Project Noah

Project Noah is a tool to explore and document wildlife and a platform to harness the power of citizen scientists everywhere.

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Project Noah iPhone and Android apps

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Grab a photograph of an interesting organism and share it with the community.

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Birds of the World

There are over 10,000 living species of birds on the planet. They can be found in ecosystems across ...

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Butterflies & Moths of the World

Butterflies and Moths are insects of the order Lepidoptera. Their brilliant colors have inspired ...

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National Geographic's Great Nature Project

National Geographic is urging everyone to get outside to explore nature. Participants are asked to ...

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WILD Cities: Urban Biodiversity

Millions of city-dwellers walk their local streets every day, but many overlook the multitude of ...

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Flowers of North America

We want you to help us build a photo collection of flowers from around the world. Show us what ...

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Moths of the World

Moths? Yes: a world of sphinxes, hawks, owls, tigers, and scary eyes, all waiting for you outside ...

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Mushroom Mapping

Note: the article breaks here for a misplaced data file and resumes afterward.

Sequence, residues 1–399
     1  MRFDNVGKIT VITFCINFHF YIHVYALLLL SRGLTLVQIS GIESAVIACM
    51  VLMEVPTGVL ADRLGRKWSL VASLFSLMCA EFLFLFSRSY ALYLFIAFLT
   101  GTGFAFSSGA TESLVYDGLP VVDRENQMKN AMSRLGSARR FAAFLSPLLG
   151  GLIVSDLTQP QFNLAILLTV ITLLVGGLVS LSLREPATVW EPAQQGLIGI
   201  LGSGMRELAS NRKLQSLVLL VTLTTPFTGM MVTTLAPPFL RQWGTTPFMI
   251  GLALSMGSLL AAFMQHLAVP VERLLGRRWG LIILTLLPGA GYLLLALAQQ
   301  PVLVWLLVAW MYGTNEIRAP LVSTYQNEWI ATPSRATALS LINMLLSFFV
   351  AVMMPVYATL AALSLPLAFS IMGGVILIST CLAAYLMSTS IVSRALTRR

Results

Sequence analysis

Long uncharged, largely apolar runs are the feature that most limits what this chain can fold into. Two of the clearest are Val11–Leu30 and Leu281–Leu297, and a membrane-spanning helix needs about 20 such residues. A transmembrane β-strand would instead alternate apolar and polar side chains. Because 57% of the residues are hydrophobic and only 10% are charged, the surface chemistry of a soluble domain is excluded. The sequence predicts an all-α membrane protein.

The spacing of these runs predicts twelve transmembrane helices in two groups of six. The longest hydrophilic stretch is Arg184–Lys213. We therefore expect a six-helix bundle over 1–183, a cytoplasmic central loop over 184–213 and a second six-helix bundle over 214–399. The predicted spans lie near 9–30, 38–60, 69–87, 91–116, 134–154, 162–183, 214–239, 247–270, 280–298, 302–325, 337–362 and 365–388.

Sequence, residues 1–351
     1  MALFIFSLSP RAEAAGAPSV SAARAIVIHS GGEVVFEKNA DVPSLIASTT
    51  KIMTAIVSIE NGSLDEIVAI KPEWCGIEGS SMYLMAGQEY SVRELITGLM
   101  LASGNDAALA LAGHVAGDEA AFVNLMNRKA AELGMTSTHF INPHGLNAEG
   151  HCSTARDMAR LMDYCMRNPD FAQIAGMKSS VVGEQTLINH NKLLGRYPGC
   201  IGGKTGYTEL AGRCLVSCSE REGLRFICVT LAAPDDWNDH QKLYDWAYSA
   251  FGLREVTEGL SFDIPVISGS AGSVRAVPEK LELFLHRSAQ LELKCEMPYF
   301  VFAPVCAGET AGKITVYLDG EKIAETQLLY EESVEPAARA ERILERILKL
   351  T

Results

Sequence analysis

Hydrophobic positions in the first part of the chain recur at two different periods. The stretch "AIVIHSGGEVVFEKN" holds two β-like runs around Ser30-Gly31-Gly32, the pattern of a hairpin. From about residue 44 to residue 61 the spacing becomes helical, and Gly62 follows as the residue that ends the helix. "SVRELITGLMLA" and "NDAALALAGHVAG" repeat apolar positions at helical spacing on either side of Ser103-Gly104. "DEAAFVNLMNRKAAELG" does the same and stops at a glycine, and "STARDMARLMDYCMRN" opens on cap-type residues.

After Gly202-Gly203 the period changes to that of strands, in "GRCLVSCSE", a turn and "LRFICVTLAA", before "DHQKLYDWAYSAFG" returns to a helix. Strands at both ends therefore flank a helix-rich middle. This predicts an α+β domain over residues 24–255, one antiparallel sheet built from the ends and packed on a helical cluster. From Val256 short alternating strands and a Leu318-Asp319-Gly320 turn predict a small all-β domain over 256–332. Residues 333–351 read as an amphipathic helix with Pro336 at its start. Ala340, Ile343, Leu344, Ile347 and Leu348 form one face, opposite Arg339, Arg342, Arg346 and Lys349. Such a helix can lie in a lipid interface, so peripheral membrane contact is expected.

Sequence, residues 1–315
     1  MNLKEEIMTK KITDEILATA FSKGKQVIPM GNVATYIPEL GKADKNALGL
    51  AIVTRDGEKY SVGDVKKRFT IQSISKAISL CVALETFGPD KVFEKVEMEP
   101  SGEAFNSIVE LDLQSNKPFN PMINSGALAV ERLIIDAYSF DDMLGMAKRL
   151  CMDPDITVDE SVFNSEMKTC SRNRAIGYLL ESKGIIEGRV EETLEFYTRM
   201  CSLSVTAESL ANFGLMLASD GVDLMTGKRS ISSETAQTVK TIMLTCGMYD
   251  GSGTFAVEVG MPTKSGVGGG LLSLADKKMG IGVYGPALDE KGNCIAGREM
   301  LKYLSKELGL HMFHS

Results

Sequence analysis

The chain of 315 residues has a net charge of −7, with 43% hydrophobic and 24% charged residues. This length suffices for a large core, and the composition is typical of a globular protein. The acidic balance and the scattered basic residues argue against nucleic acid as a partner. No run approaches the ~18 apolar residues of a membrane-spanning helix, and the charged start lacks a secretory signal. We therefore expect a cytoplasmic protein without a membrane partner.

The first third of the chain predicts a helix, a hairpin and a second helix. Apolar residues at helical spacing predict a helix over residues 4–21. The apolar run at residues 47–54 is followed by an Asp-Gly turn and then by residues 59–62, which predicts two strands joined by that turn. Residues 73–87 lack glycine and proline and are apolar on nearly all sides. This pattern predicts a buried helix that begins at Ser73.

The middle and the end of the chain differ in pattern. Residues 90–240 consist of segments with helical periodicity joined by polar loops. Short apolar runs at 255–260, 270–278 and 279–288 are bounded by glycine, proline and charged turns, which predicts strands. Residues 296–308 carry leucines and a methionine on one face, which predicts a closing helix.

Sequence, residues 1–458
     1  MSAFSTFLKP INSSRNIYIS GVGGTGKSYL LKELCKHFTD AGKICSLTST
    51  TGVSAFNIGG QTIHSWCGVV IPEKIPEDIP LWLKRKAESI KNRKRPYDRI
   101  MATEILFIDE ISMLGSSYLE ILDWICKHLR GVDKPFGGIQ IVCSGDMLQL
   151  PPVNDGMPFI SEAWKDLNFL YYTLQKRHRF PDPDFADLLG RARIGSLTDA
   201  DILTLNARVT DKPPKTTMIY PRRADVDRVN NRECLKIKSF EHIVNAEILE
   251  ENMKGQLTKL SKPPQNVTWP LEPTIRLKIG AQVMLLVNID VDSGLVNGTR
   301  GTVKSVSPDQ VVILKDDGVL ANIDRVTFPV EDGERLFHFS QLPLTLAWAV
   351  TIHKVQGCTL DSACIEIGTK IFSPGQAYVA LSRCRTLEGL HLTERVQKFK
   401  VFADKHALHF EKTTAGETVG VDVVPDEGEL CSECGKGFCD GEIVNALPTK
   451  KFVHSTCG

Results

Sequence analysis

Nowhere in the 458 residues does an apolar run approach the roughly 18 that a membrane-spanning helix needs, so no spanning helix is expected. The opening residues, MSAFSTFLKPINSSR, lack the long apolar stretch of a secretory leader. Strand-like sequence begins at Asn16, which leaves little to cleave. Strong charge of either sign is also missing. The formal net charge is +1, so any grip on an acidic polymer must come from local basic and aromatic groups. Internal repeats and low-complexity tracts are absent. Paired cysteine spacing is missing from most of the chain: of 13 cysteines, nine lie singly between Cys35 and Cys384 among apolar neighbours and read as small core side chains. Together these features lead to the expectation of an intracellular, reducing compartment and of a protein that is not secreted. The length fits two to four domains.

Mushroom ecology is a pivotal orientation point for exploring urban systems. Help us gather ...

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Mission WILD

The WILD Foundation works to protect & interconnect at least half of the planet’s land & water to ...

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International Spider Survey

Spiders are air-breathing arthropods that have eight legs. The International Society of Arachnology ...

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The Color Red

The color red is a bold color that represents passion. We would like to create a collection of ...

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Global Dragonflies & Damselflies

Dragonflies and damselflies are agile insects of the order Odonata. With a worldwide distribution ...

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Global Flight

To create a magnificent collection of images of your favourite fliers. Not just birds, but bats, ...

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Captive Animals

While we are all so focused on animals in nature, we ignore the fact theres wildlife in our own ...

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Flowers of Europe

We want you to help us build a photo collection of flowers from around the world. Show us what ...

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Nature in Yellow

It would be so interesting to see all the yellow flowers, fruits, insects, animals of the world.

Activity
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Unknown spotting commented on by Hari Prasad V N Kerala, India 2 minutes ago

Mark Ridgway, thanks a lot. It's really sad news for me. Is it possible to identify the beetle.

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Cardinal spotted by lorettamerritt52 Dallas, Georgia, USA 2 minutes ago